This absence of [plant-based career] resources at Berkeley also really surprised me because the plant-based industry is an important sector in the Bay Area.
He appreciated getting insights from leading faculty at Berkeley and the course community at large through the students. "It’s also a good way for startups with restricted hiring possibilities to get projects done, for the students to gain work experience and for companies to get to know potential future employees," Katz added.
Jamie Raiss, who oversees a food studies graduate certificate program at UCLA, also views the workplace connection Plant Futures provides as critical. "Every year we do an exit survey with our students. They always express their wish for more hands-on, real-life experience through the program. When I learned from one of my students who participated in the symposium that the challenge lab has industry partners, I thought it would be a really exciting opportunity."
This year, Raiss will enroll her first pilot group in the challenge lab which will feature industry partners such as Amy’s, Meati Foods, Cal Dining and the Plant Based Foods Association.
The birth of a growing social venture
Taking place online due to COVID-19, the first Plant Futures Symposium was attended by 500 people from around the world, not just curious Berkeley students. "We understood just how big the vacuum for these kinds of conversations was when students from all kinds of schools started to ask how they could join our group or start something similar at their campuses," Derrick said.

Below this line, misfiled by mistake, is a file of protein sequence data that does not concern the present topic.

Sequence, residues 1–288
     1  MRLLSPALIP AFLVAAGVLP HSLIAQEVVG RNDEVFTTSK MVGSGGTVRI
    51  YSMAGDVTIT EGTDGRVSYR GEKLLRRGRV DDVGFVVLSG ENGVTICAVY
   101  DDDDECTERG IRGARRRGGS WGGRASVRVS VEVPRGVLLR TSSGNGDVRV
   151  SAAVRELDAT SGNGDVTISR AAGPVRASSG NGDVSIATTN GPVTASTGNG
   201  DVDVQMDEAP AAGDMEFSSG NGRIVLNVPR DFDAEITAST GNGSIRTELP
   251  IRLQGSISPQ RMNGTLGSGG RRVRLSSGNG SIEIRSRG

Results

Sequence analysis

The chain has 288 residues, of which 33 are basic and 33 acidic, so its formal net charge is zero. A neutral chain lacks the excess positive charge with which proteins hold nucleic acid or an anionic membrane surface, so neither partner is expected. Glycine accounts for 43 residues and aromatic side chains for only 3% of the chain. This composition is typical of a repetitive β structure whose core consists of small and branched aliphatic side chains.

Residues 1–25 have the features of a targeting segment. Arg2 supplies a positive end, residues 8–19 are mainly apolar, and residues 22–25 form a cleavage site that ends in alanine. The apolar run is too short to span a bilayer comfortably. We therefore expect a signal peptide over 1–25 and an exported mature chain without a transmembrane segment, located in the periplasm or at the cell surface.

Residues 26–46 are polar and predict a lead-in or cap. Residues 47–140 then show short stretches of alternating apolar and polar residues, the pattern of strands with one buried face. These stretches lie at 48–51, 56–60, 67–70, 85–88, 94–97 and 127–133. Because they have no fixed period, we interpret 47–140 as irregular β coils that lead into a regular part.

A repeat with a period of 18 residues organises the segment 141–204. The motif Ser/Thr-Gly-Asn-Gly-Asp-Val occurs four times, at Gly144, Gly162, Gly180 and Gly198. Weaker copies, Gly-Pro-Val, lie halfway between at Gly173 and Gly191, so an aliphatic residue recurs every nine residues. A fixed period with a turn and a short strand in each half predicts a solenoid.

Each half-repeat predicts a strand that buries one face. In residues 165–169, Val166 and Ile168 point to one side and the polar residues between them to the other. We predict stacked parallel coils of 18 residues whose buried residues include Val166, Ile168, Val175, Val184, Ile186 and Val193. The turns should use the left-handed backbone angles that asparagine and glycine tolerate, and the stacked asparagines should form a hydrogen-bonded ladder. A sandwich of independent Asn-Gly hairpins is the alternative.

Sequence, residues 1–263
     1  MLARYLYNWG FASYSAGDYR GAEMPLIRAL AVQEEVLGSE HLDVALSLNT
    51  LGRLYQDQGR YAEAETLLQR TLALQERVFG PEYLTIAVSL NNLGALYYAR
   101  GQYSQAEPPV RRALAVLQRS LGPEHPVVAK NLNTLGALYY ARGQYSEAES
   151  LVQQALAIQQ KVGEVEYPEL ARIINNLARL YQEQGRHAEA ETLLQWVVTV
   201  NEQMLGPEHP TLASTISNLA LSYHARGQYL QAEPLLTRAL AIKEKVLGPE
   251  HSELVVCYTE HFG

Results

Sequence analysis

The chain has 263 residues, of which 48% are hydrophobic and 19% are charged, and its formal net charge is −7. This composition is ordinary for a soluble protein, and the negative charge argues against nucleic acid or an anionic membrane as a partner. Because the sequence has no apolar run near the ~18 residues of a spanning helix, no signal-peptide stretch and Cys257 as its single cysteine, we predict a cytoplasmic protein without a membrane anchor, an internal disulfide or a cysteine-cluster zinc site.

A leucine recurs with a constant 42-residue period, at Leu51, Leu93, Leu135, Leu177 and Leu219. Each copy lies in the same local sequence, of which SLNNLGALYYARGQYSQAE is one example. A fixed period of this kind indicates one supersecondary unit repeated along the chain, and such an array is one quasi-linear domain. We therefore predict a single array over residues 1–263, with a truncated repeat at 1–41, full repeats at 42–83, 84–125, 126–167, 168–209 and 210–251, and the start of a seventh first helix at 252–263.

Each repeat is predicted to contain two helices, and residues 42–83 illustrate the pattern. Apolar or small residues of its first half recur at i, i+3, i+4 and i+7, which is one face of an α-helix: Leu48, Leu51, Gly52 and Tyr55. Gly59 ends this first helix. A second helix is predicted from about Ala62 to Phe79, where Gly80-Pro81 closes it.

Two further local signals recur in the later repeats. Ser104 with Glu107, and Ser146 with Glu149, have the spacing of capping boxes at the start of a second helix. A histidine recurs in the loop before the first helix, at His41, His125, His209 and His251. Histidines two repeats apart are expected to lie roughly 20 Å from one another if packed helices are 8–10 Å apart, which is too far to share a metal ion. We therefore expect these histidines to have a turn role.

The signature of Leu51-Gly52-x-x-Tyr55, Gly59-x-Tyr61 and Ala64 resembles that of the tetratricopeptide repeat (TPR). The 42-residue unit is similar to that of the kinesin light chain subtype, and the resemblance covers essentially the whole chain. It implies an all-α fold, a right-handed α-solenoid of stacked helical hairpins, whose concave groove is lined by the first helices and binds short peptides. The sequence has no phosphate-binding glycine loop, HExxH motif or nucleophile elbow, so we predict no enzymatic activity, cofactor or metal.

After graduating a few months later, Derrick decided to pursue Plant Futures full-time as a social venture. She raised funds from foundations and industry partners to further build out the program and bring it to more schools. In less than a year, she helped students and faculty establish 15 local chapters in other elite schools such as Harvard and Yale, community colleges such as De Anza College and Pasadena City College and even universities in Singapore and Sao Paulo.
While Derrick didn’t track whether any students got hired by their challenge lab companies, she knows that many continued a trusting relationship with their mentors beyond the program. This year, they will actively encourage industry partners to consider more formal internship and employment opportunities for their mentees.
For now, Derrick is excited about another success story. "I recently found out that one of our symposium student participants from last year, Kashish Juneja, founded a plant-based milk tea company, Aura Tea, and they are launching a storefront in San Francisco soon." The Plant Futures Symposium helped move her idea forward and connected Juneja with the founder of Oatly, with whom she now has a partnership.
As the initiative continues to expand from Berkeley to the world, many more success stories are bound to emerge. I hope it will also inspire universities to channel young people’s ideas and passion toward other markets in need of talent. Farming could be a top contender, as the average U.S. farmer is 57 years old and farmers younger than 35 only make up 8 percent of the country’s producers.
If you’d like to get a taste of Plant Futures, the second symposium will take place Jan. 28-29.